Objectives This was a systematic review and meta-analysis to evaluate the incidence of adverse events in adults undergoing procedural sedation in the emergency department (ED). Methods Eight electronic databases were searched, including MEDLINE, EMBASE, EBSCO, CINAHL, CENTRAL, Cochrane Database of Systematic Reviews, Web of Science, and Scopus, from January 2005 through 2015. Randomized controlled trials and observational studies of adults undergoing procedural sedation in the ED that reported a priori selected outcomes and adverse events were included. Meta-analysis was performed using a random-effects model and reported as incidence rates with 95% confidence intervals (CIs). Results The search yielded 2,046 titles for review. Fifty-five articles were eligible, including 9,652 procedural sedations. The most common adverse event was hypoxia, with an incidence of 40.2 per 1,000 sedations (95% CI = 32.5 to 47.9), followed by vomiting with 16.4 per 1,000 sedations (95% CI = 9.7 to 23.0) and hypotension with 15.2 per 1,000 sedations (95% CI = 10.7 to 19.7). Severe adverse events requiring emergent medical intervention were rare, with one case of aspiration in 2,370 sedations (1.2 per 1,000), one case of laryngospasm in 883 sedations (4.2 per 1,000), and two intubations in 3,636 sedations (1.6 per 1,000). The incidence of agitation and vomiting were higher with ketamine (164.1 per 1,000 and 170.0 per 1,000, respectively). Apnea was more frequent with midazolam (51.4 per 1,000), and hypoxia was less frequent in patients who received ketamine/propofol compared to other combinations. The case of laryngospasm was in a patient who received ketamine, and the aspiration and intubations were in patients who received propofol. When propofol and ketamine are combined, the incidences of agitation, apnea, hypoxia, bradycardia, hypotension, and vomiting were lower compared to each medication separately. Conclusions Serious adverse events during procedural sedation like laryngospasm, aspiration, and intubation are exceedingly rare. Quantitative risk estimates are provided to facilitate shared decision-making, risk communication, and informed consent. © 2016 The Authors. Academic Emergency Medicine published by Wiley Periodicals, Inc. on behalf of Society for Academic Emergency Medicine. Source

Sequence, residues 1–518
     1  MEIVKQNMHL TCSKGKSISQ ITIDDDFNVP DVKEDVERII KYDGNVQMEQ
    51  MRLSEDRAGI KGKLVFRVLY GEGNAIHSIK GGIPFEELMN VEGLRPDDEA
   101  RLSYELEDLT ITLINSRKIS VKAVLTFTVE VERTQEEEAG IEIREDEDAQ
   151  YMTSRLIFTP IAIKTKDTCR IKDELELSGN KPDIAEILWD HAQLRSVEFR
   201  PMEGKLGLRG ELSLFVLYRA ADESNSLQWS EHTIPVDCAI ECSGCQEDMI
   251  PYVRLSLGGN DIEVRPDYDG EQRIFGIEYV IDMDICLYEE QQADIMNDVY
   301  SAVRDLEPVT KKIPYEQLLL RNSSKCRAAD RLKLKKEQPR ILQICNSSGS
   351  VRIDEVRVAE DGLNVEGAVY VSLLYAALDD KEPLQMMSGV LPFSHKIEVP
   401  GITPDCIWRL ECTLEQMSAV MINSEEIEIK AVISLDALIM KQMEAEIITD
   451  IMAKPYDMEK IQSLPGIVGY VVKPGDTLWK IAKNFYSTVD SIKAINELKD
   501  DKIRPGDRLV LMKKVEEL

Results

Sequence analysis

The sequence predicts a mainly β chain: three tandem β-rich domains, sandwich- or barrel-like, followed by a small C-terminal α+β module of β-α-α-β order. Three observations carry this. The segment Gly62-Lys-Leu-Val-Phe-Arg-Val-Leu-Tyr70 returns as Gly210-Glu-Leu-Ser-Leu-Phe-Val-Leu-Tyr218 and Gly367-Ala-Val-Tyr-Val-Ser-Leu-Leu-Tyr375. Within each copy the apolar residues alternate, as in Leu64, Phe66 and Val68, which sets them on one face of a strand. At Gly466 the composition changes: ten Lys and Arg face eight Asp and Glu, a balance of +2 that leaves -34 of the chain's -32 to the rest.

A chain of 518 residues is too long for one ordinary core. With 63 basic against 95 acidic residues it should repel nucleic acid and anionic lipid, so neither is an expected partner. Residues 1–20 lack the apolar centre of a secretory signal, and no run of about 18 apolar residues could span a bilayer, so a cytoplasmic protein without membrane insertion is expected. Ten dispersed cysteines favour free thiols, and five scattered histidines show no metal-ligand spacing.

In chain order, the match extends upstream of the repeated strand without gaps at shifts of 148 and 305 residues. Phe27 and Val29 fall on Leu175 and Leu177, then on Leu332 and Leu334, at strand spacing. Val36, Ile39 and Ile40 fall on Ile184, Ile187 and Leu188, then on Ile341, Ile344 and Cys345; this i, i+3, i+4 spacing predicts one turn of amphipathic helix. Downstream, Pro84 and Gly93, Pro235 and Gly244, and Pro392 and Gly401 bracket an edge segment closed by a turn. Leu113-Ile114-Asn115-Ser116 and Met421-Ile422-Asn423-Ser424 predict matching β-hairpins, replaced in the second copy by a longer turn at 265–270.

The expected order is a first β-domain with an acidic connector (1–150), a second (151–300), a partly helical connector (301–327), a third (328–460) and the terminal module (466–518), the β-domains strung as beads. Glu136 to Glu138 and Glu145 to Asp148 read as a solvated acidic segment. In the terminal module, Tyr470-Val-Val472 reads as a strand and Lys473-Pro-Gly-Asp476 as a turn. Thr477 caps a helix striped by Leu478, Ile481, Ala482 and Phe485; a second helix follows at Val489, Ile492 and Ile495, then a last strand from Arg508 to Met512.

Yu D.,Kern Center for the Science of Health Care Delivery | Yu D.,Mayo Medical School | Blocker R.C.,Kern Center for the Science of Health Care Delivery | Blocker R.C.,Mayo Medical School | And 9 more authors.
Journal of Medical Systems | Year: 2016

Sociometers are wearable sensors that continuously measure body movements, interactions, and speech. The purpose of this study is to test sociometers in a smart environment in a live clinical setting, to assess their reliability in capturing and quantifying data. The long-term goal of this work is to create an intelligent emergency department that captures real-time human interactions using sociometers to sense current system dynamics, predict future state, and continuously learn to enable the highest levels of emergency care delivery. Ten actors wore the devices during five simulated scenarios in the emergency care wards at a large non-profit medical institution. For each scenario, actors recited prewritten or structured dialogue while independent variables, e.g., distance, angle, obstructions, speech behavior, were independently controlled. Data streams from the sociometers were compared to gold standard video and audio data captured by two ward and hallway cameras. Sociometers distinguished body movement differences in mean angular velocity between individuals sitting, standing, walking intermittently, and walking continuously. Face-to-face (F2F) interactions were not detected when individuals were offset by 30°, 60°, and 180° angles. Under ideal F2F conditions, interactions were detected 50 % of the time (4/8 actor pairs). Proximity between individuals was detected for 13/15 actor pairs. Devices underestimated the mean duration of speech by 30–44 s, but were effective at distinguishing the dominant speaker. The results inform engineers to refine sociometers and provide health system researchers a tool for quantifying the dynamics and behaviors in complex and unpredictable healthcare environments such as emergency care. © 2015, Springer Science+Business Media New York. Source